Stories for the Masses

The mutterings of a half-mad Canuck who writes stuff

Month: June 2016

Human 76 – Prologue and “Leaving the Nest”

Human 76 is a real thing in the world now, and as I mentioned in my last post, I have read early versions of a few of the stories, but haven’t read the final versions of any of them, and haven’t seen many of the stories at all. In light of that, what I propose to do is write a review of each story as I read it, one every 2 or 3 days.

We begin our adventure with a very short prologue, and the first story, called “Leaving the Nest” – both written by Lisa Shambrook. The prologue was new to me, but I had read an early version of “Leaving the Nest” at the beginning of the project.

Lisa had the unenviable task of setting the stage for the rest of us, and so her hands were somewhat tied in terms of the story she could tell. She didn’t let that slow her down or cramp her style, though. The prologue sets the tone, and it’s a dark, brusque, urgent opening that promises a wild, thrilling ride (Stephen King, Schmeevin King – I like my adjectives). “Leaving the Nest” delivers on that promise and adds a healthy portion of emotional heft.

“Quiet, you fool! You’re safe now!” Rough hands gripped Ghabrie.
A kestrel swooped but Ghabrie could not hear its call. She could hear only Nahria’s shriek. Ghabrie strained to glimpse her little sister through the mass of rebellion warriors and Prometheans. The two sides were withdrawing, both claiming their spoils and retreating. Ghabrie thrashed: kicking, biting, struggling against strong arms that restrained her.
“Nahria, I’ll come for you!”
The butt of a rifle thumped the side of her head as her words still echoed across the barren landscape. Ghabrie slipped into an oblivion brought by the hands of her liberators.
* * *
When she woke she swallowed her nausea, winced at her injuries, and wept at the loss of her reason to live. She vowed never to rest until Nahria was back at her side.

That’s the prologue, in its entirety. Sets the tone nicely, doesn’t it? One of the comments that several of the other authors have made at various times was how closely all the stories matched in their tone and treatment of Ghabrie. I suspect Lisa Shabrook’s deft handling of these elements here deserves much of the credit for that.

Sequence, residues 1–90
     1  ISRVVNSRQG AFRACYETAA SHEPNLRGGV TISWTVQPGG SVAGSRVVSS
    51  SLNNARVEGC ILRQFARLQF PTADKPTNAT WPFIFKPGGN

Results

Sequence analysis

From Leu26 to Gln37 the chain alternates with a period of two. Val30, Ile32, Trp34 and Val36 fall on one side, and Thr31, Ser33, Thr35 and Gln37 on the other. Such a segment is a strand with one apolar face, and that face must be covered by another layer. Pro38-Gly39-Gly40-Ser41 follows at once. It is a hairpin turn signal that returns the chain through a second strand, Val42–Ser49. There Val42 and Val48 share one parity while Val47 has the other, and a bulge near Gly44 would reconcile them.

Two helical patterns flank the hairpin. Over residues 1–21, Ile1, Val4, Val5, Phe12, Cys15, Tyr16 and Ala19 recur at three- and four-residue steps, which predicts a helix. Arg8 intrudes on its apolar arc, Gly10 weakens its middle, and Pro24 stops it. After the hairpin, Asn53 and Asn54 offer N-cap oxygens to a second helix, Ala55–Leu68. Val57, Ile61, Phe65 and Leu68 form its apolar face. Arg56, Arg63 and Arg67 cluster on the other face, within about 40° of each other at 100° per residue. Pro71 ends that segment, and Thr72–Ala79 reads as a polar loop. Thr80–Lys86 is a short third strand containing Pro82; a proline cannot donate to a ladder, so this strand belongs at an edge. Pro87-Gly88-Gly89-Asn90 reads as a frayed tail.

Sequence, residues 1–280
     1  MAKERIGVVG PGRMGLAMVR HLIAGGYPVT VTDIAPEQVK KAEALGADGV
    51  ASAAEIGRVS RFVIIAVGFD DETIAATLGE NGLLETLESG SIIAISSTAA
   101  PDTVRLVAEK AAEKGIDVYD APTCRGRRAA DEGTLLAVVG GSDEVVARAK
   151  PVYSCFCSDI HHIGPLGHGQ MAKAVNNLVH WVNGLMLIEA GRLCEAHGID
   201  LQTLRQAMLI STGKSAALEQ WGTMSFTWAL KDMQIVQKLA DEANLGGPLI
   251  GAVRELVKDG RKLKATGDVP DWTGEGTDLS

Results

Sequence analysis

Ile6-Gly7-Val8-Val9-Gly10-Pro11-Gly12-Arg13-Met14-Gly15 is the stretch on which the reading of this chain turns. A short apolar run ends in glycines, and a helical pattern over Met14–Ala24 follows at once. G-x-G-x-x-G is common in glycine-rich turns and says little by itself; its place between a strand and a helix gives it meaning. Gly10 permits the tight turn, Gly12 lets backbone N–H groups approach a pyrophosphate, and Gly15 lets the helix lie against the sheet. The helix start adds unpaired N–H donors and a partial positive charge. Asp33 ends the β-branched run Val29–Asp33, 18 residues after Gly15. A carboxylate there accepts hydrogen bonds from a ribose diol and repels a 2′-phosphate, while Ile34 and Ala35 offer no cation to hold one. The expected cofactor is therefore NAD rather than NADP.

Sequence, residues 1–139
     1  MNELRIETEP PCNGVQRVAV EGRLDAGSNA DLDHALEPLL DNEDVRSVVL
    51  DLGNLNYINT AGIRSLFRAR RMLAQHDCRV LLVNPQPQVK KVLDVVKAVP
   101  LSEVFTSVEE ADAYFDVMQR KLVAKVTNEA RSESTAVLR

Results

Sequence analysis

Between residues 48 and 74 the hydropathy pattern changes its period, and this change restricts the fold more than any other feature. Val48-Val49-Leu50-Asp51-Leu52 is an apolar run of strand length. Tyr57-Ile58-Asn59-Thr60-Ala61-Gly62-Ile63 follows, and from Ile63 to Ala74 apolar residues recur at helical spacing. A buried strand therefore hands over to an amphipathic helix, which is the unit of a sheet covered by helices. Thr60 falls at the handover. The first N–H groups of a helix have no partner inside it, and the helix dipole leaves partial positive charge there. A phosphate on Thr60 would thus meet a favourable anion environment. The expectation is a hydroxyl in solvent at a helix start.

“Leaving the Nest” concerns itself with Ghabrie’s early life, as well as introducing the reader to the main characters and the world they inhabit. It takes the form of a series of recollections by Xanthe; mother of two, and adoptive mother of many more. Via her flashbacks we meet Ghabrie, find out how she met her bird, what happened to separate her from her sister, and how she began her quest. We also get a surprising amount of information about the Ghabrie’s world, her community, and the apocalypse that makes this collection of stories post-apocalyptic. I say surprising because you don’t notice you’re being given the information at the time. It’s woven so naturally into a very well-told and compelling tale that all of the world-building and backstory-ing seems to happen accidentally. That’s first-rate writing.

Here is an excerpt:

“So, you heard him last night, did you?” she asked the child behind the door. “Come on in, and let’s see if he wants a snack.”
The child, grubby and thin, slid round the door and wandered into Xanthe’s container. The shipping containers had quickly become homes. People had barely escaped with their lives, so the facilities at the shipping yard were luxurious and the Blast survivors had made the best of what they had found. For the first few months they had huddled in the caves dug out at the foot of the mountain, the huge, gaping storage depot. Then as they realised they had escaped to a pocket of land free from radiation at the foot of the huge Tinder Mountain range, they emerged to reclaim the shipping yard, its surrounding land and a compound they could protect and live in. The survivors had cleared debris, turned the hot, metal shipping containers into homes and built new homes with the timber, tin and breeze blocks salvaged from the warehouse. The stagnant lake protected the north edge. Nothing could traverse the lake and the ships still harboured there were lost as the sulphuric water corroded and ruined the iron. Xanthe had been able to see the rolling waves from the door as the young girl stepped closer to her bed.
“Do you want to see?” she asked the child.
The girl nodded and Xanthe beckoned. Soon the child was sat upon the bed and the baby bird, almost as skinny as the little girl, fed from her hand.

The final version of the story is much as I remember from the early one I read months ago – tweaked here and there, the prose tightened and polished but, for the most part, the same in form and feature. It excites me as much now as it did then, and I’m looking forward to reading the rest of the book. Even my story, which is next.